Earth's energy is out of balance: more is absorbed from the sun than emitted back to space.
Courtesy of NASA

“Missing” Heat May Affect Future Climate Change

As greenhouse gases build up in the atmosphere, more of the energy that gets to Earth from the Sun sticks around the planet. This means that the amount of energy coming to Earth is greater than the amount of energy leaving, and is the cause of global warming today.

Where does the energy go? Scientists would like to know. They have been tracking heat energy in the atmosphere and ocean with satellites, ocean floats, and other instruments, but have not been able to find all the heat. The tools we use today to track heat can’t find about half of the heat that has built up on Earth in recent years. If the energy came to the Earth and has not left, then it must be around here somewhere, but where?

Large amounts of heat may be getting into areas of the Earth that we are not watching with satellites or other instruments. Warming ocean water has been found 3,000 to 6,500 feet deep in the ocean (about 1,000 to 2,000 meters). There may be more heat even deeper in the ocean, but we don’t have a way to take the temperature that far down.

Scientists are concerned that without better instruments, they won’t be able to track energy and understand where the heat goes. Tracking the heat on Earth is far more complicated than measuring temperatures at the planet's surface.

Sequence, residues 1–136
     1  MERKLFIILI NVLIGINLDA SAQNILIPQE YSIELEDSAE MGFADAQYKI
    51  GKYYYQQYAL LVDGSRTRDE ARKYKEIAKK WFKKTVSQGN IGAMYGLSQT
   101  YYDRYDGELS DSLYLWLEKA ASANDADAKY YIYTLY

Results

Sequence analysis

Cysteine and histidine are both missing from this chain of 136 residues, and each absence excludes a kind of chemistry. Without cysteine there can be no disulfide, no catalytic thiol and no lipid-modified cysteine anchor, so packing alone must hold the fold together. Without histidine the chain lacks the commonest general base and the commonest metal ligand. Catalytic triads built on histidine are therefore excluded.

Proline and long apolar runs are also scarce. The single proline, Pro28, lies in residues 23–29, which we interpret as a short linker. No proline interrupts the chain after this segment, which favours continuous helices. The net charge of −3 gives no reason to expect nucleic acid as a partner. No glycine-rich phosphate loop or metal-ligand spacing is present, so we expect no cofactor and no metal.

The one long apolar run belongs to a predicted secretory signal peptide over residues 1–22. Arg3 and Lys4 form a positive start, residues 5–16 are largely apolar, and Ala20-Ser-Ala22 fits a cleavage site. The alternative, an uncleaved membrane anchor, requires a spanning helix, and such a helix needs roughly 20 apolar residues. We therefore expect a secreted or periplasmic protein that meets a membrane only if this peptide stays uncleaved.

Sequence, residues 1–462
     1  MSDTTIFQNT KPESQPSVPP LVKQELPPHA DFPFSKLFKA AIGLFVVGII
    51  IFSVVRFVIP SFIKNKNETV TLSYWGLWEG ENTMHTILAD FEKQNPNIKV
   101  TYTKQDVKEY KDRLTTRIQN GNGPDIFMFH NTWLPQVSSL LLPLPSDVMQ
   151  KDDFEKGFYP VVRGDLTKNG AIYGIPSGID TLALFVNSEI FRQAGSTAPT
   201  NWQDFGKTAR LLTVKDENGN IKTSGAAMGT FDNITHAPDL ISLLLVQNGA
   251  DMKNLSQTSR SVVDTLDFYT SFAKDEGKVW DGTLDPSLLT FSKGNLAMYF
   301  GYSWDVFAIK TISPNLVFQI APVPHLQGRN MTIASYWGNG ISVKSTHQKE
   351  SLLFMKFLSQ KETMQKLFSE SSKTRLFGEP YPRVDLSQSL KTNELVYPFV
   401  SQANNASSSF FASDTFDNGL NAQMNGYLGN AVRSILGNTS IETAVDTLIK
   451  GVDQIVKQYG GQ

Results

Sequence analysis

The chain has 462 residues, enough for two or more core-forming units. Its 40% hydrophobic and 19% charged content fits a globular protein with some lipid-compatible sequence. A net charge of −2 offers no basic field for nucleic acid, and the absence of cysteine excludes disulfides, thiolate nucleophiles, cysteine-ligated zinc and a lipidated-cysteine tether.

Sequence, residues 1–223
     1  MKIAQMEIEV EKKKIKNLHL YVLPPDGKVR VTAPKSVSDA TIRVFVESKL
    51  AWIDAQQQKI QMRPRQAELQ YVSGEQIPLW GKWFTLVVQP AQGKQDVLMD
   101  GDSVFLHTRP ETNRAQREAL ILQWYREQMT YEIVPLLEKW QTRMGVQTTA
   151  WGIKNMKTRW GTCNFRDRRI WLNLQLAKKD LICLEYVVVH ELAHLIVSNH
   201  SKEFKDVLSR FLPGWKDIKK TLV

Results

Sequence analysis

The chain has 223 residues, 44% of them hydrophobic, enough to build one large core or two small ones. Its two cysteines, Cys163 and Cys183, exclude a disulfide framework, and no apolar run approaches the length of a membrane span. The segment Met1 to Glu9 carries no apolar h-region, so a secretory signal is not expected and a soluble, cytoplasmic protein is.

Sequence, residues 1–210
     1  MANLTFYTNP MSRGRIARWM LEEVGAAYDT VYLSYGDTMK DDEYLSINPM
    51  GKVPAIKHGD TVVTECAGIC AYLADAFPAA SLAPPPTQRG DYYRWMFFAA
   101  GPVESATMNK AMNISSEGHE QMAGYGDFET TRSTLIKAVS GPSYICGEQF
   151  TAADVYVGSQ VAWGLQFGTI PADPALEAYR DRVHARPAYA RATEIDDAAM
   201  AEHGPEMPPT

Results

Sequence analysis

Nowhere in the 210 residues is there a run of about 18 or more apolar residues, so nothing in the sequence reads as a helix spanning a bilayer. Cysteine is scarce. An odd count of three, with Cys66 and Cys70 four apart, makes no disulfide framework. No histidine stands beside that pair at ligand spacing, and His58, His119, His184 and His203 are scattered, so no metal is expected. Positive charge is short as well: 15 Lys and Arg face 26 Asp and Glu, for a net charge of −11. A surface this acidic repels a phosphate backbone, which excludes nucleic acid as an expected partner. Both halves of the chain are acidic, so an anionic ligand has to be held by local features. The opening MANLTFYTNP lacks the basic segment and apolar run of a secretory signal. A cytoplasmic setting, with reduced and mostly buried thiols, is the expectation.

Knowing where heat is stored on Earth is important as we try to develop solutions to global warming. Engineers are developing ways to artificially change the world's climate to help slow warming. Without a good understanding of where heat energy is stored, these engineering solutions could cause unexpected changes.

"The heat will come back to haunt us sooner or later," says scientist Kevin Trenberth, who led the research. "It is critical to track the build-up of energy in our climate system so we can understand what is happening and predict our future climate."

The scientists think that more ocean sensors and studying the satellite data for the atmosphere in new ways may help solve the mystery of the missing heat.

Last modified May 21, 2010 by Lisa Gardiner.

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